What type of checks should the banks have done?
Accounts known to have been used in Laundromats uncovered by OCCRP were usually at banks shut down for bad behavior, with the most notorious being Ukio Bankas in Lithuania, Danske Bank’s Estonian branch and ABLV and Trasta Komerzbanka Latvia. Many of these banks had dismal compliance records.
Bank compliance officers are supposed to watch for suspicious transactions. Many of the Laundromat transactions were highly suspicious, and should have been flagged. For example, a Laundromat company might claim to be trading computers one moment and food the next. There was almost no evidence that these companies ever did any real business. There’s no evidence that bank compliance officers ever asked for documentation such as a utility bill, a rental contract or other proof they were more than shell companies.
Transactions often went through correspondent banks in the U.S. and Europe including Deutsche Bank, Raiffeisen Bank, Citibank and HSBC without being stopped.
What’s wrong with rich people moving money around this way? What’s the harm?
When users evade taxes or customs fees, the state is deprived of badly needed money — especially when the Laundromat users are people who are most able to afford them. Why should rich and well-connected people who can afford the services of an investment bank benefit when an average businessman cannot?
The situation also creates an unfair playing field, making the goods and services of corrupt operators cheaper than those of responsible business operators who pay their taxes and customs fees.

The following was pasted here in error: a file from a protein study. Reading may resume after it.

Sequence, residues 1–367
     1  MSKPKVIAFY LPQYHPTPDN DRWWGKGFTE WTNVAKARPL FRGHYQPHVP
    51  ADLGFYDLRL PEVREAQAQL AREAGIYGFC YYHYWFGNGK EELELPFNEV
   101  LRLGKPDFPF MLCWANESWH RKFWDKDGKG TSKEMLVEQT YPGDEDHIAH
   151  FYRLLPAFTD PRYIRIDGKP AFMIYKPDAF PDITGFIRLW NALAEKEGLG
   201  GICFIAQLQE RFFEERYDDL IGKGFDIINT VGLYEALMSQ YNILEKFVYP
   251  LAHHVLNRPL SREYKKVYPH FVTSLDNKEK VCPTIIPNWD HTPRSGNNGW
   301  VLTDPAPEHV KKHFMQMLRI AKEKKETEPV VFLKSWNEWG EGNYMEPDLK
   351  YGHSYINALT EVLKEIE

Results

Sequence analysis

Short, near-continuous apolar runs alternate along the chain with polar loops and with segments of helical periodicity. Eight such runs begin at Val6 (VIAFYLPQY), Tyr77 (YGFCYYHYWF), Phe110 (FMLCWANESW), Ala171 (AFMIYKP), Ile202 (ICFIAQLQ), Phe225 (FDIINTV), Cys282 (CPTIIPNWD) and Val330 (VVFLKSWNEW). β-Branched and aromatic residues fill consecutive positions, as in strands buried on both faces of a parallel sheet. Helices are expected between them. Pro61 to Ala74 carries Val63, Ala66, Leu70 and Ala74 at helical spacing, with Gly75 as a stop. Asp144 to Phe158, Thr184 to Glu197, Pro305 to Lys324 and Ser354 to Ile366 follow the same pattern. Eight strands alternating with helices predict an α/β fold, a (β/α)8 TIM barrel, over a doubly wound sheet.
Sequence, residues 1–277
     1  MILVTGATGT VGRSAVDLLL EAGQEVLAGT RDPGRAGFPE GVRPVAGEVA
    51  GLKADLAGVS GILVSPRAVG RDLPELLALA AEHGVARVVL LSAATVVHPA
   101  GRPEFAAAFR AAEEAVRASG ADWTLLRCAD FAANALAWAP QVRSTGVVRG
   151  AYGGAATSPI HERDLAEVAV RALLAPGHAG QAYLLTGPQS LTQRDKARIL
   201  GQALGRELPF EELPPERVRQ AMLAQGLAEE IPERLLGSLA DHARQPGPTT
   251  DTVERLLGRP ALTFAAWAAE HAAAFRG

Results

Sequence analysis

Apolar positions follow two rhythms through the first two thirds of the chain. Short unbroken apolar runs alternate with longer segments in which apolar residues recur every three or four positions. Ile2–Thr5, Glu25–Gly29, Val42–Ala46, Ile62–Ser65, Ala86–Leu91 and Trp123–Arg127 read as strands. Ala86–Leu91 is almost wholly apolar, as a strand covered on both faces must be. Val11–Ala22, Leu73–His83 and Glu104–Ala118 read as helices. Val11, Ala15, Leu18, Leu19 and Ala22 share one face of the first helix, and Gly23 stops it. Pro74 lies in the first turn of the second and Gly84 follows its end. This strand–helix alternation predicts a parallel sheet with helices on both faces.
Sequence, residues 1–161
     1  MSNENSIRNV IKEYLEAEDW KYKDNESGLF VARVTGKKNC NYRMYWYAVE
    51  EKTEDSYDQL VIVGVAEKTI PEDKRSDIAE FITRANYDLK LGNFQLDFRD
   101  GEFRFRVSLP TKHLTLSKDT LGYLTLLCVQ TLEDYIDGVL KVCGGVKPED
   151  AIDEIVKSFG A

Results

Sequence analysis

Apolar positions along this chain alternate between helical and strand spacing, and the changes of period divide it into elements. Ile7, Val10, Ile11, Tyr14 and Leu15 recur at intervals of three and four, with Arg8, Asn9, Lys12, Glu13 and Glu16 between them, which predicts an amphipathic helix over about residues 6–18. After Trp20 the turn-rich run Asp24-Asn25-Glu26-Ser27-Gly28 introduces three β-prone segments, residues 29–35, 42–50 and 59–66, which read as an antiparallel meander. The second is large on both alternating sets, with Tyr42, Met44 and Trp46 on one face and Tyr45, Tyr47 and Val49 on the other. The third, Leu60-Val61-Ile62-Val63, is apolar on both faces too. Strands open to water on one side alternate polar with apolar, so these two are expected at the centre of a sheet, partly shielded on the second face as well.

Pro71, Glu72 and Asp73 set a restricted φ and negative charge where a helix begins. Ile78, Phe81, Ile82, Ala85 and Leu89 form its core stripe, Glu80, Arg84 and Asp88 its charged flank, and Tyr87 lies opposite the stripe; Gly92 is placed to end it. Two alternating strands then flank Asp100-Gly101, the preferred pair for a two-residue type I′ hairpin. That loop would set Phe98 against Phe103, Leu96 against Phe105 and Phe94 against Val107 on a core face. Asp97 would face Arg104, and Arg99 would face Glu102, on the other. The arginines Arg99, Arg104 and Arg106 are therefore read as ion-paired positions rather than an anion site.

There are some valid reasons to hide assets. In countries like Russia, showing legitimate wealth can get you in trouble with greedy people in positions of power. Corporate raids are a regular occurrence. Your family could be kidnapped. So it makes sense to hide what you own.
But some people try to hide assets bought with stolen funds. One way to catch corrupt officials is by looking at what they own in comparison to their legal income. If assets are hidden, the public may never know there’s a problem.
In the most blatant cases, Laundromats help launder ill-gotten money — literally making crime pay. These funds can disappear into offshore accounts and never be found. Almost every developing country struggles to trace and recover stolen assets.
Opaque money is also opaque power. Money that has passed through a Laundromat may show up in other countries to bribe local officials, buy positive news coverage, or empower extremist groups. It’s best to know whose money is whose.
How are Laundromats connected to the Panama Papers?
The Panama Papers were documents from the Panamanian law firm Mossack Fonseca leaked to the German newspaper Sueddeutsche Zeitung. The International Center for Investigative Journalists and the German paper distributed the documents to OCCRP and dozens of other media organizations that came together for the large international project.
Many of the companies in Panama Papers are offshore companies set up to hide business transactions. Some of these may have been part of Laundromat-like structures. Others were set up by people to use with Laundromats, including those uncovered by OCCRP.
Why is the movie titled The Laundromat?
Titles are up to the filmmakers and can vary by country. In Italian theaters, it’s called “Panama Papers.”
Whatever the title, the film is a fictional story based on the non-fiction book "Secrecy World: Inside the Panama Papers Investigation of Illicit Money Networks and the Global Elite" by Jake Bernstein.
What’s important is the film’s accurate portrayal of company services firms like Mossack Fonseca and the banks that set up the Laundromats. There are people who just do this for a living. And many fraudsters then use these vehicles to rob innocent people.